January 13, 2009
The day begins with all the pomp and circumstance Texas legislators can muster before dissipating into a plethora of parties, as state reps join their families (and perhaps a few journalists and lobbyists) for drinks afterward.
State Rep. Joe Moody’s office is back in the Capitol’s extension – way back.
"I packed up my gear and came up Saturday. I got the keys to the office yesterday. It’s been non-stop," said Moody, who has spent the last few weeks getting his office in order, hiring staffers and working with other members of the delegation on El Paso issues.
Moody’s office could do with a picture or two. The same could be said for state Rep. Marisa Marquez’s office, across the hall from Moody’s. Inside, there is a lone Stevie Ray Vaughn poster leaning against a chair long awaiting a wall hook. One of Marquez’ staffers declares ownership of the poster, though it remains unclear whether or not the District 77 Rep. is a fan of the late guitar legend.
Norma Chavez, serving her seventh term as an El Paso state representative, is moving offices, her seniority having entitled her to plusher digs in the basement of the main building.
"I’m in the basement but you have got to start from the ground. I’m moving on up!" said Chavez, who with her staff was unloading boxes and arranging furniture. State Rep. Joe Pickett’s office is in no such need of fine-tuning. It is a theme park unto itself, furnished with arcade games and vintage diner upholstery. State Rep. Chente Quintanilla, now a four-term legislator is, like Pickett, already settled in his office as he looks forward to the new session.
"Change is going to be the key word…I think we’ve been suppressed for three sessions since Speaker Craddick took over…They made a budget on the backs of poor people who couldn’t afford to lose the help," said Quintanilla, who is optimistic that the new speaker, state Rep. Joe Straus, R-Alamo Heights, will inaugurate a new climate in the Capitol.
The El Paso House delegation, including state Sen. Eliot Shapleigh, have forged a shared agenda that they hope to achieve during the session. This includes Tier 1 status for UTEP, securing funding for the Texas Tech Medical School, making sure El Paso has the infrastructure necessary to cope with BRAC expansion and the restoration of the Tigua Indian Casino in East El Paso. As well as these particular items, statewide issues like CHIP funding, Medicaid, financial literacy education and immigration reform will impact El Paso, and will be priorities for the delegation. But Quintanilla is confident the delegation can achieve much in Austin this spring.
"It’s going to a point where we can talk to each other with more easiness," said Quintanilla, anticipating much more bi-partisanship in the Texas House.
"People will listen to our legislation. In the past, Speaker Craddick was the one who decided everything. I think Speaker Straus is going to allow each committee to do its own work and let legislation be passed on its worth," added Quintanilla. "He’s a moderate Republican and that’s good for El Paso."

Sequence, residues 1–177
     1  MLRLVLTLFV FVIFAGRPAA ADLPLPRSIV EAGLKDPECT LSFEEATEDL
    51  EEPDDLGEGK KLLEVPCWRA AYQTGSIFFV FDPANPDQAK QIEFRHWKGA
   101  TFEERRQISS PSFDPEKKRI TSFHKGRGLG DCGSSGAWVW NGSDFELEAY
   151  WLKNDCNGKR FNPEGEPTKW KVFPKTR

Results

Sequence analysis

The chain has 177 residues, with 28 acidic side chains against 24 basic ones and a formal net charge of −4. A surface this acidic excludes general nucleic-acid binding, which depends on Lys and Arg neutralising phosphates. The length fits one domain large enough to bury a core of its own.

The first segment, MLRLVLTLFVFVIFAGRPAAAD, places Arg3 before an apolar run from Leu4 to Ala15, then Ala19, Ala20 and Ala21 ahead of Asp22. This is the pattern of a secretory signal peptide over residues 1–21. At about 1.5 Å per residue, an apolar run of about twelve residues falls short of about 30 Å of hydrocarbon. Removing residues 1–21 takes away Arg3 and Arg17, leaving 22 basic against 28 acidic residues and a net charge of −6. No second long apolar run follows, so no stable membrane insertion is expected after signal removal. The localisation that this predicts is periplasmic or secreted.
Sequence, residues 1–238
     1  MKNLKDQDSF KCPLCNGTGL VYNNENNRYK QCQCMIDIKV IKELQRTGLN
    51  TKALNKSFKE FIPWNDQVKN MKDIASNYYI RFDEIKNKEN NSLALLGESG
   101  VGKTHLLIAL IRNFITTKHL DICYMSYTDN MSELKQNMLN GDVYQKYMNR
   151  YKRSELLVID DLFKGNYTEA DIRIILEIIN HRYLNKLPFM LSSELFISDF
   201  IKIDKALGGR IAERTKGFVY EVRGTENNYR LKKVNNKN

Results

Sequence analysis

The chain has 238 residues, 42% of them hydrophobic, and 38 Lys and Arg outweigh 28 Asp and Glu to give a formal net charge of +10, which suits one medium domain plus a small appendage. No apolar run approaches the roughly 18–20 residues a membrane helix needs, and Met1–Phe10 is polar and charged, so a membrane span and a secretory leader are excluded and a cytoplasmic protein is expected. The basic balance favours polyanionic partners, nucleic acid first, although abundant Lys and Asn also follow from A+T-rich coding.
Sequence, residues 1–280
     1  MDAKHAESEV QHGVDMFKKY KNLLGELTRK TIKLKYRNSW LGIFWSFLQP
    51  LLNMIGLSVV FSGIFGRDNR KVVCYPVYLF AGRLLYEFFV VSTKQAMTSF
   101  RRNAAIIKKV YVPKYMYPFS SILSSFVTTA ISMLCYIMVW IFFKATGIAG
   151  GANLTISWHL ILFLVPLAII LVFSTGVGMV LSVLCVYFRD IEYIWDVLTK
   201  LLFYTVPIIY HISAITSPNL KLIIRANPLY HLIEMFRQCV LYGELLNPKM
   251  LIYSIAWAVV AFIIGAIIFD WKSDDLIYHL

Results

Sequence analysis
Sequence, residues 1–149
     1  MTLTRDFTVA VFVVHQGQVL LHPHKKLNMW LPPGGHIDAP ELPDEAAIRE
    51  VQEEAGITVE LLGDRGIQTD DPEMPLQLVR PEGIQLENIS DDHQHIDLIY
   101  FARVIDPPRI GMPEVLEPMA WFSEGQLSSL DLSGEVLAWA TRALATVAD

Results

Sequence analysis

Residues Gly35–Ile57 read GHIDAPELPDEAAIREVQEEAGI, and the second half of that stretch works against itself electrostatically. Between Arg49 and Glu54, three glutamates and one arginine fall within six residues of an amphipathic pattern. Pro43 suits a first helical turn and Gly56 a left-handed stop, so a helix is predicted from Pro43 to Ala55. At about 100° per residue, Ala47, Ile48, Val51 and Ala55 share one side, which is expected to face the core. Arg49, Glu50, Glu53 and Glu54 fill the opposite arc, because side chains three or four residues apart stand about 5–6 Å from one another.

Last weekend, Straus emerged from a group of Anti-Craddick Republicans (known as the ABCs) as a speaker candidate. The ABCs hoped to carry the 64 UNC Democrats (Under No Circumstances) who had signed a pledge not to vote for Craddick. Last Monday, Straus released a list of 94 legislators (out of 150) supporting his candidacy for Speaker. Later the same day, State Rep. John Smithee, R-Amarillo, Straus’ only serious opponent after Craddick’s decision to drop out, threw in the towel.
The five members of El Paso’s House delegation, who all got on the Straus bandwagon early, are optimistic the new speaker will enjoy a fruitful relationship with the Sun City’s Austin contingent. Pickett said last week that Straus would be "good for the State of Texas" because he could steer the legislature back to being a "people’s house," Quintanilla counts Straus as a personal friend, and Norma Chavez wrote boldly on her pledge card that she was voting for the San Antonio man "of my own free will."
Straus too, expects "good things" for El Paso as a result of his speakership this session.
"I’ll look to the El Paso delegation to direct me to what is important for their community. I know that we’ll have a good relationship," said Straus last week. It won’t be an easy ride though. A stalling economy and a tightening state budget could impact El Paso’s chances of securing funds for big protects like the medical school and Tier 1 status for UTEP. A shrinking pot will also hinder attempts to expand state services like CHIP.
"I don’t think anyone who's looking for more money this session should have very high hopes. This is a very strong dose of medicine that doesn’t taste very good," said Straus yesterday, commenting on Texas comptroller Susan Combs’ latest economic forecast.
Furthermore, immigration reform could be the dark horse of the session.
Several bills have been filed that would make it harder for legal immigrants to obtain driver’s licenses and several more aim at making "English" the official language of Texas. In 2009, there may not be the midnight fireworks of 2007, nor the quorum busting flight to Oklahoma of 2003, but there will be plenty of opportunities for the temperature to be raised.
Talk of a Craddick comeback in 2011, the prospect of the Democrats taking the House in 2010, dealing with a new set of politicians in Washington, some of whom continue to entertain the idea of a border fence, a new round of city elections, a worsening economy, crisis in Juarez, a new state speaker, two El Paso freshman in Austin and the possibility of some tasty committee assignments for the delegation's senior members will all make for a fascinating episode in Texas and El Paso politics.
Follow Ben Wright's coverage of the 81st session on Twitter at BenWrightNPT.